Sturges presents a dishonest man who loses everything from being honest for one crazy moment.  The Great McGinty slices open the fallacy of an honest politician and the motivations for wanting such a seat of power.  The script is taut, very funny, and very scathing.  The film was released in 1940, but seems to ring true today more than ever.  Its treatment of a corrupt official being touted as a candidate for reform cannot be more telling.  And the dialogue…did one mention the sparkling dialogue in this film?  No comedic filmmaker working during that time could match Sturges wit.  Look again at the character named Skeeters from the quote above.  Is there a better name for a “blood sucking” political official?

Preston Sturges ended up winning for original screenplay for The Great McGinty and the film was named one of the top 10 best that year.  It launched the career of Sturges (and his recurring band of character actors), plus gave the confidence to take on a subversive role in the Hollywood dream factory.  It is imperative that a film like The Great McGinty be rediscovered and enjoyed as the biting political satire we all need today.

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  “The Great McGinty” (1940) written/directed by Preston Sturges, photography by William C. Mellor

Passing Into The Night: Terrence Malick Asks The Hard Questions

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“This great evil, where’s it come from? How’d it steal into the world? What seed, what root did it grow from? Who’s doing this? Who’s killing us, robbing us of life and light, mocking us with the sight of what we might’ve known? Does our ruin benefit the earth, does it help the grass to grow, the sun to shine? Is this darkness in you, too? Have you passed through this night?”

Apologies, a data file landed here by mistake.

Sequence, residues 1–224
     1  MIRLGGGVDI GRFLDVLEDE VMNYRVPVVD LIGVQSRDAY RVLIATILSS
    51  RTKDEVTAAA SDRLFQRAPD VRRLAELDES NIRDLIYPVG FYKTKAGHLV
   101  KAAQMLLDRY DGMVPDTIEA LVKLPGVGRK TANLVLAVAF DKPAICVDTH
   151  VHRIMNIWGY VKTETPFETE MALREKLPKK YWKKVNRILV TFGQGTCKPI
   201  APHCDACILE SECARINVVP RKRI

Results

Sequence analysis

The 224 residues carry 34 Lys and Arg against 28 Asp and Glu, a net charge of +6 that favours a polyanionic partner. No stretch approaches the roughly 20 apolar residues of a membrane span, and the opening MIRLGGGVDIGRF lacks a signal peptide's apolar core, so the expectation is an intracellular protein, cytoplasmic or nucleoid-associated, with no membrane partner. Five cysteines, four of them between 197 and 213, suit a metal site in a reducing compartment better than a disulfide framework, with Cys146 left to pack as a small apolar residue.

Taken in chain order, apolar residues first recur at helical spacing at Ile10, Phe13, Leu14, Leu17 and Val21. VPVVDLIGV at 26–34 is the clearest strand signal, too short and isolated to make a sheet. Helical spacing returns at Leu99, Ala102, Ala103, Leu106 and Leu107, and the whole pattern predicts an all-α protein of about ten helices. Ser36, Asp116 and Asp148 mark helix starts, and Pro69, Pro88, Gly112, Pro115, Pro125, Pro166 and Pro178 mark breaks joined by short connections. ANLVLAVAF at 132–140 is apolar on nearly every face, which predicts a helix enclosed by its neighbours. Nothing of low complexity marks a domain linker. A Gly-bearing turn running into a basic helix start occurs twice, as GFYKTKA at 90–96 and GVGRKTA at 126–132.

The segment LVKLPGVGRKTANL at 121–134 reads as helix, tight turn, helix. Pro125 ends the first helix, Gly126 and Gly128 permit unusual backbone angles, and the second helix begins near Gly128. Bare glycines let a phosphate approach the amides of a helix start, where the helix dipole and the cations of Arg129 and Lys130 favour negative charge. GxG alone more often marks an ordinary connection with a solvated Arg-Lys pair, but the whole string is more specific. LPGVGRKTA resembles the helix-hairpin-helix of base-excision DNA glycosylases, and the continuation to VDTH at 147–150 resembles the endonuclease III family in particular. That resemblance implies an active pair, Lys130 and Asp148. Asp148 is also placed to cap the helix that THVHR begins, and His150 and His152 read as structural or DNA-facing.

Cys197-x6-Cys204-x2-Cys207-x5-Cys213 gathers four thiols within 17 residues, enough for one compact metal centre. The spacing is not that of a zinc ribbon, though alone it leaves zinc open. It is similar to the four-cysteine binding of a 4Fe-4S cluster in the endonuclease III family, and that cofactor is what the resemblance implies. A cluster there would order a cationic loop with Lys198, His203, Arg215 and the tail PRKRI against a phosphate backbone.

-Terrence Malick / The Thin Red Line


This great evil.  It exists in many forms, many disguises, and somehow perpetuates itself as something good or acceptable at times in society.  There are moments, thankfully few in my personal lifetime, that have emblazoned such evil and its effects upon me like some burn across my hands after touching a white hot cooking pan. Suffice to say that it is out there slithering along the muddy earth awaiting its next prey

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In 1998, the film “The Thin Red Line” was released to critical acclaim, but little box office. The public viewed it as yet another WWII film on the heels of Spielberg’s search for Private Ryan.  As kinetic and pulsing as Spielberg’s film was, Malick’s film is poetic and thoughtful.  In the long run, Malick’s film wins out for you can return to it like some favorite great novel that continues to teach and illuminate your life in unexpected ways. The narration alone, such as the one quoted above, is filled with questions and universal thoughts written to be examined and felt.


I speak of evil because lately in this world, the slithering creature seems to be having a field day.  I fear not only for our children, but for mankind as some higher being. I finished watching Malick’s epic take on the world alone a few nights ago and came away with a feeling of hopelessness or a kind of restlessness that we, as a family of men, have still yet to come together to work towards common goals and feed all that are hungry for justice, happiness, and love.  Are we not all looking for these three things?  Malick asks the hard questions and we still seem to be not listening.  We all struggle in our own way without the need for more to shoulder when the world rears its ugly head.  I am hungry, like all of you. I have my carefree times, my selfish goals, and self congratulatory moments.  That is why I take a step back and look at where I am and who I am surrounded by.